Seascapes and saltmarsh
Enjoy a walk with far reaching views to the sea, over the downs and northwards towards the Weald. Smell the salty tang of the air and listen to the cries of seabirds as you discover this unspoilt spot.
South Hill Barn car park
From South Hill Barn car park, follow the central track past the gate and straight on down the hill along the middle track. Make your way towards the cattle grid and enjoy the emerging views of the Seven Sisters in the distance.
At the cattle grid turn right and follow the path towards the sea. At the bottom you will find steps down to Hope Gap, one of only four access points to the beach between Seaford and Eastbourne. Turn left and head up the (steep but short hill). Follow the path towards the historic Coastguard Cottages.
Pass the coastguard cottages and follow the path down to the beach. Walk along the top of the shingle bank towards the river bank and follow the path along the top of the bank as it turns and follows the river upstream.
Life in strange places
Notice the unusual plants on the marshes which have adapted to survive the toughest conditions - salt, twice-daily flooding, and biting winds. Sea purslane coats the river banks with its soft silver-green leaves, while glasswort shimmers like red and green glass cacti. In the even less hospitable shingle by the beach, yellow horned poppies thrive, together with sea kale - you can't miss its huge frilly purple leaves.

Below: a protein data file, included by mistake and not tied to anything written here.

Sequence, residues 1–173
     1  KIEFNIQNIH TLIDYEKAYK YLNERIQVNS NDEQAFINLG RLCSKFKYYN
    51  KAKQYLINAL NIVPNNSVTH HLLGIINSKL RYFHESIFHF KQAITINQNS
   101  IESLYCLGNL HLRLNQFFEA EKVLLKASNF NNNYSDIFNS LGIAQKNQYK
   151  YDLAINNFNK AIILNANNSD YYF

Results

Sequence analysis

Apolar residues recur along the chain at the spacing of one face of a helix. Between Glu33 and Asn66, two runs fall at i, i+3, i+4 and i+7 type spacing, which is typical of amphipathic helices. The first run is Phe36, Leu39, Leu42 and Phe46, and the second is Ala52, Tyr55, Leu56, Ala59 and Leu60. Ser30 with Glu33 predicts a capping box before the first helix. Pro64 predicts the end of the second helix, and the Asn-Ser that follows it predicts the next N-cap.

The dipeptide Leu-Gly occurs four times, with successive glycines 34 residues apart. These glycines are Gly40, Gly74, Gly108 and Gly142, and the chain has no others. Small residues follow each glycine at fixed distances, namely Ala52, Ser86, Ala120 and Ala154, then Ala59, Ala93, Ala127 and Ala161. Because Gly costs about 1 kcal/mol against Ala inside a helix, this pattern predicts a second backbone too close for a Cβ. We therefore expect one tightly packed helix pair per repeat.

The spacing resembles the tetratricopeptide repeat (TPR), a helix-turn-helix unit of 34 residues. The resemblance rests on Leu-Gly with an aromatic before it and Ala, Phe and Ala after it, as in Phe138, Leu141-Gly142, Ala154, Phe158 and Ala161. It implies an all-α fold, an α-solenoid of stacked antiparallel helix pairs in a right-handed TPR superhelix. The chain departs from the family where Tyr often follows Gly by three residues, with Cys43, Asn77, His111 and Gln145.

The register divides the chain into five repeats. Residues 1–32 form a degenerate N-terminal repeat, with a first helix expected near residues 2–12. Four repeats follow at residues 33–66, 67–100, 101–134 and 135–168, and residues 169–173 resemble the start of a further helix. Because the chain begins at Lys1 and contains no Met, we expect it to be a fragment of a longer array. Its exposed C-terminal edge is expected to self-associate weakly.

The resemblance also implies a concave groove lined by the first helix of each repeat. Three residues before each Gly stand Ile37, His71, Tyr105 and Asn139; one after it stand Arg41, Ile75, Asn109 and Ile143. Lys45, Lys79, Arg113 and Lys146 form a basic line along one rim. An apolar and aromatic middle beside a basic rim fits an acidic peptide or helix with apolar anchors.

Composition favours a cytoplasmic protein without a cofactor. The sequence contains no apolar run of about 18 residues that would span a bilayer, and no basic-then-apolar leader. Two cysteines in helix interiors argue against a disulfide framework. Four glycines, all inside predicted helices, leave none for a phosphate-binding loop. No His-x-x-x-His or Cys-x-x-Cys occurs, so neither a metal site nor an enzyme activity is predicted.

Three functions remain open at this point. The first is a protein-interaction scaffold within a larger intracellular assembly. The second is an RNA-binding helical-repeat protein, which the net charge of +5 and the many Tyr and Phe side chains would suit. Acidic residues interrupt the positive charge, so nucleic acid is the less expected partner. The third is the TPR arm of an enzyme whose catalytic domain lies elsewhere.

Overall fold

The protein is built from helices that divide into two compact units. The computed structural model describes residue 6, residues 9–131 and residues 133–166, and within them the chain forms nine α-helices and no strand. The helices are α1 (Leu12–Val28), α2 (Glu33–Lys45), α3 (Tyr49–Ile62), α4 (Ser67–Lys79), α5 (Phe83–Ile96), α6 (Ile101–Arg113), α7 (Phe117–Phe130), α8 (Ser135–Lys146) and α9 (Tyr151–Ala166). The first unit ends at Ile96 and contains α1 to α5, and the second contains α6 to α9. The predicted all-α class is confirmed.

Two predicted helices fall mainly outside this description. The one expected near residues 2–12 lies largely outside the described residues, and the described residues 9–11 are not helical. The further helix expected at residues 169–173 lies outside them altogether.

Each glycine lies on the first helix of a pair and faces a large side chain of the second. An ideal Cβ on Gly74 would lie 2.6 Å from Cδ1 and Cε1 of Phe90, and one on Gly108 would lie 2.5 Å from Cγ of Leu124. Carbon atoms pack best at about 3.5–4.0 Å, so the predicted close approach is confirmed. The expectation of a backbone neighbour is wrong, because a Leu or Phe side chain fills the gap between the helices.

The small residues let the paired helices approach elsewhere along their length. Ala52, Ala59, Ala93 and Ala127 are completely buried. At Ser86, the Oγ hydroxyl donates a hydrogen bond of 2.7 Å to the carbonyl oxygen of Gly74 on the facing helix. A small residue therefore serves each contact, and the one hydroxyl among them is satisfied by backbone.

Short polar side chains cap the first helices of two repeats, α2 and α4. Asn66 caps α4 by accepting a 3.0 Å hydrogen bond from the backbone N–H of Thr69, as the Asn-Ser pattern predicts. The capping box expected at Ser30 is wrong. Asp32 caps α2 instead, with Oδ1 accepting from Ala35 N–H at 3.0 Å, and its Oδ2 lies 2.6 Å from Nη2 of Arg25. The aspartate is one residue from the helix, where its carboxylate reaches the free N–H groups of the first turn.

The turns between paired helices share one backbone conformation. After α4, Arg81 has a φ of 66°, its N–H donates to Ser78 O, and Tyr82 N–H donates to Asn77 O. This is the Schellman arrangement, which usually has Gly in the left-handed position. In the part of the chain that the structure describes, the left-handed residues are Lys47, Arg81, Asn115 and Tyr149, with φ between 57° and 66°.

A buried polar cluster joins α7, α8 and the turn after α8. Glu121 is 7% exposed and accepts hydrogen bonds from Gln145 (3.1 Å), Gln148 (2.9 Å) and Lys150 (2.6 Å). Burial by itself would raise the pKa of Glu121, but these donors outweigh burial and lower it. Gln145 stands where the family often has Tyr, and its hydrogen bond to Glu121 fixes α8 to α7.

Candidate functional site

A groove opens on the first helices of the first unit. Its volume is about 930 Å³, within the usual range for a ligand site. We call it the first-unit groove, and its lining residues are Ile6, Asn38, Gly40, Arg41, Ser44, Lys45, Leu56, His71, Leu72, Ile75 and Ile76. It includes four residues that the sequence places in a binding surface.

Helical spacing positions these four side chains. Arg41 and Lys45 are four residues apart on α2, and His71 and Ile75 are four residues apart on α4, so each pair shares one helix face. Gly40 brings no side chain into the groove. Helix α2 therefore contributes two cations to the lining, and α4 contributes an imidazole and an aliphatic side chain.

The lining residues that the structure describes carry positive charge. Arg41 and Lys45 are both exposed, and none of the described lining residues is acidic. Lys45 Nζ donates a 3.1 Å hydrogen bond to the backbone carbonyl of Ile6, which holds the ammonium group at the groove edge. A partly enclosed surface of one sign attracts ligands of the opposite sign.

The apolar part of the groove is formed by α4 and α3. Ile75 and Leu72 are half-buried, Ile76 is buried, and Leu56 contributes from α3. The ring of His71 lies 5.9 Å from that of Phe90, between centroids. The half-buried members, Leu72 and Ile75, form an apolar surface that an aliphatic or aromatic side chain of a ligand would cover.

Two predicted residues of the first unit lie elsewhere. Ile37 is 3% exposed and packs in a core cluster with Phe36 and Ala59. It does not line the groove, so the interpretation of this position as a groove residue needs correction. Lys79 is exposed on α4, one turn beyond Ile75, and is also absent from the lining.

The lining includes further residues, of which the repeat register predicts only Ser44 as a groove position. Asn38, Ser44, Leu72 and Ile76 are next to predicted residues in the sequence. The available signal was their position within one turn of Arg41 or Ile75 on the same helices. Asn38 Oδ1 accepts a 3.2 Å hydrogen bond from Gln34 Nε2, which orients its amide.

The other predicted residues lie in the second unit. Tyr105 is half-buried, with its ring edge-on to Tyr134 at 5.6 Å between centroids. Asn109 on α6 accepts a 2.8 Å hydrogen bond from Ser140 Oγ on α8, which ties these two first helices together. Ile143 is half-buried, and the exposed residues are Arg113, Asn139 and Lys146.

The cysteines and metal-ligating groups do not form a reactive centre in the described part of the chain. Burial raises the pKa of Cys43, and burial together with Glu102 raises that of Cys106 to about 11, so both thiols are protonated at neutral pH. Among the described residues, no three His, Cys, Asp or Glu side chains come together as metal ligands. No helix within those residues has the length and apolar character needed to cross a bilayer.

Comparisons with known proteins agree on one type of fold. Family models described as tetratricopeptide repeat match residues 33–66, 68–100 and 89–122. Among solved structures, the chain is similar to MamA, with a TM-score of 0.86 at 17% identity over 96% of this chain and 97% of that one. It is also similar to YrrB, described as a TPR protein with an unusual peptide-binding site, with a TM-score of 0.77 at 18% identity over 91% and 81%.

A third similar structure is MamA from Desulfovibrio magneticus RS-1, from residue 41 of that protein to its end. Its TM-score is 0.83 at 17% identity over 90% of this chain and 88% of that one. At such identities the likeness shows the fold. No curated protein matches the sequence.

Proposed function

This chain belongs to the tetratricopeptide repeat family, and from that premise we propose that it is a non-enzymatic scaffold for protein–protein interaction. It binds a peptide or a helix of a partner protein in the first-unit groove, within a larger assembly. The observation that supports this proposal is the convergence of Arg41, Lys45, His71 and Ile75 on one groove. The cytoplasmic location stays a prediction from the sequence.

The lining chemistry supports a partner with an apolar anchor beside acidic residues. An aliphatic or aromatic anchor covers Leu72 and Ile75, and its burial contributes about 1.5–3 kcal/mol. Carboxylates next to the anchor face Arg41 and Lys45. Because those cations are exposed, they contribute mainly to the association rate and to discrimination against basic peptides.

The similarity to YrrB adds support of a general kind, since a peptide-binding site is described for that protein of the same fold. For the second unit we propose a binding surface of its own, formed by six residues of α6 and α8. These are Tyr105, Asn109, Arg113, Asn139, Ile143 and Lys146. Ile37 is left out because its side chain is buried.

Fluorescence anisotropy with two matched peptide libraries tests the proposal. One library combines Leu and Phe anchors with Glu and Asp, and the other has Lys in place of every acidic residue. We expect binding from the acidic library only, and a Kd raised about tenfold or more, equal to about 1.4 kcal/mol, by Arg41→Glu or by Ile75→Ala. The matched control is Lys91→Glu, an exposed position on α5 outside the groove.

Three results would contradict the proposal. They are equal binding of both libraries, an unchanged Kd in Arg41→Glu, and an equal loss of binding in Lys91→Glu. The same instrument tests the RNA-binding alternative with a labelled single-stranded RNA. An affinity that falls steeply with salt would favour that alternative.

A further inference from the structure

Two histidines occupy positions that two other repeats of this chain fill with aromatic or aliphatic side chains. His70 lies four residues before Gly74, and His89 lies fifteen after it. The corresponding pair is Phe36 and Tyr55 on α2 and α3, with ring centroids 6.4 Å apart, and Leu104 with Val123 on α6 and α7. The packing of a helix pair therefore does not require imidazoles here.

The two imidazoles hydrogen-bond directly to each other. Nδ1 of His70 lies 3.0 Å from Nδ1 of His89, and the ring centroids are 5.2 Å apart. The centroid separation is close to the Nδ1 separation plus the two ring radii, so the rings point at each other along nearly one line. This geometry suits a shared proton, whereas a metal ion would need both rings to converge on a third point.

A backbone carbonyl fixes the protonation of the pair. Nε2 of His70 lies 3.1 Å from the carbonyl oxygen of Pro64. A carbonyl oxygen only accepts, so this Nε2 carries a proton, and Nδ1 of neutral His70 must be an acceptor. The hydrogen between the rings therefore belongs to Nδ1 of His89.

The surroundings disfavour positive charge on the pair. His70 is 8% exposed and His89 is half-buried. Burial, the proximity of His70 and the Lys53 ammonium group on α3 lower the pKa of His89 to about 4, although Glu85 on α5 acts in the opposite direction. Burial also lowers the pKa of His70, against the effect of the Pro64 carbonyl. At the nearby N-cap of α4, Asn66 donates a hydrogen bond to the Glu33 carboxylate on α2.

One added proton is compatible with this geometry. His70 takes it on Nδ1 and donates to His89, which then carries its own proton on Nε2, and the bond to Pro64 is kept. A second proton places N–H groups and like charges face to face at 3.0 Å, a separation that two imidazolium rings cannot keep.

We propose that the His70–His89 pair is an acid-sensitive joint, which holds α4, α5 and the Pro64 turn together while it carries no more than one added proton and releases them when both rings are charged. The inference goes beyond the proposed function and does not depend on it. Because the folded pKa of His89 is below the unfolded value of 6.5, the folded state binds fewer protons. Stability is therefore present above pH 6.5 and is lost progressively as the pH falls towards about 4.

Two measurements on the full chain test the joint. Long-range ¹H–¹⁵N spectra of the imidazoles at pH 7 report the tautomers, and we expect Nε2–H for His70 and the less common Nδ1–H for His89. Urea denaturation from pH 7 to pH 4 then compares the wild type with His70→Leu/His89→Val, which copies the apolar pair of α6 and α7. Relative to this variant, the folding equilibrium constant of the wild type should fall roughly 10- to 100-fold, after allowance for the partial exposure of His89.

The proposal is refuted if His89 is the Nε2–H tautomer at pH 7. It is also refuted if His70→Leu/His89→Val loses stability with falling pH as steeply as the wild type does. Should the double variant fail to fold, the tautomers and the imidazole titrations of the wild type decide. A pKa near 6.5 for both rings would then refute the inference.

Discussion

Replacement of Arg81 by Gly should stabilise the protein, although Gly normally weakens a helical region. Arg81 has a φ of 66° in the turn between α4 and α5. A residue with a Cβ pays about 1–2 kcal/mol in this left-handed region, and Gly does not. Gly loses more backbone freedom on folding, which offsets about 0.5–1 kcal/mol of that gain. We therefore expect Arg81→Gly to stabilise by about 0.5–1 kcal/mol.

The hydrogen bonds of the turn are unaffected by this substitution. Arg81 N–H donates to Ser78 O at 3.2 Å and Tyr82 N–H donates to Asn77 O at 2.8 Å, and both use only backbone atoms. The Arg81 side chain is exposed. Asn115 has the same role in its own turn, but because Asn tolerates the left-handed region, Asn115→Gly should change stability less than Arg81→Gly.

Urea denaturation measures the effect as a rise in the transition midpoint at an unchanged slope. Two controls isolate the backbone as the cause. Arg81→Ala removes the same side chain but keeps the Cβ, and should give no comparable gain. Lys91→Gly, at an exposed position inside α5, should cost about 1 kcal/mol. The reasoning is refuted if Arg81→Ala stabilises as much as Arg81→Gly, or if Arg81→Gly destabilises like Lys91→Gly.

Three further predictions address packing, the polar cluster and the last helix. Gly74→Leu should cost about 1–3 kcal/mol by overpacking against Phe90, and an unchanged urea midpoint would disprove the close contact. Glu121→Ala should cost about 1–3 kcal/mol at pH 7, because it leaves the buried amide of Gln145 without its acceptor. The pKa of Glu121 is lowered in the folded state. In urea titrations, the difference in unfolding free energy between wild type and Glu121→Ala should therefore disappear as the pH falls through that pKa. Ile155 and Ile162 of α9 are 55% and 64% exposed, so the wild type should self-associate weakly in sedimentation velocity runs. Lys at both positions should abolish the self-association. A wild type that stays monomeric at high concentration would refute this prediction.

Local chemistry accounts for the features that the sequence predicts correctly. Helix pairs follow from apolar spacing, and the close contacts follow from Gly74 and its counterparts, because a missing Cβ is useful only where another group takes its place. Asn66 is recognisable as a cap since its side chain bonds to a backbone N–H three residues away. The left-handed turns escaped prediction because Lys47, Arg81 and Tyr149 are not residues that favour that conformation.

Continue along the top of the river bank and follow as it turns left. This will take you along a narrow section surrounded on both sides by scrub. When you reach the next junction take the gate on the left.
Wildlife on the wing
In winter, you can see a huge variety of birds feeding on the marsh. Look out for little egrets - elegant pure white birds, resembling a heron but smaller. In summer the most dramatic airborne activity comes from brilliantly coloured dragonflies and damselflies.
Follow the path along the valley edge until you reach the stile in the fence on the right. Go over the stile and walk up the steep hill. The large patch of trees on your right is known locally as Harry’s bush. Take a chance to pause halfway up the hill and enjoy the views across the valley to the Seven Sisters Country Park and beyond to Friston forest and north towards High & Over. Bearing right continue up the hill and aim for the narrow gap in the scrub at the top.
Battle of the tides
The floodplain below is a mixture of both natural and man-made features. The river meanders were cut off in 1846 to form a canal. The straight drainage ditches were dug by farmers to improve the pasture for cattle grazing. At the river mouth is a shingle bank, created to prevent flooding of low-lying fields.
Pass through the narrow gap in the scrub and turn left. Keeping the line of scrub on your right skirt along the top of the field heading for the stile in the corner.
South Hill Barn car park
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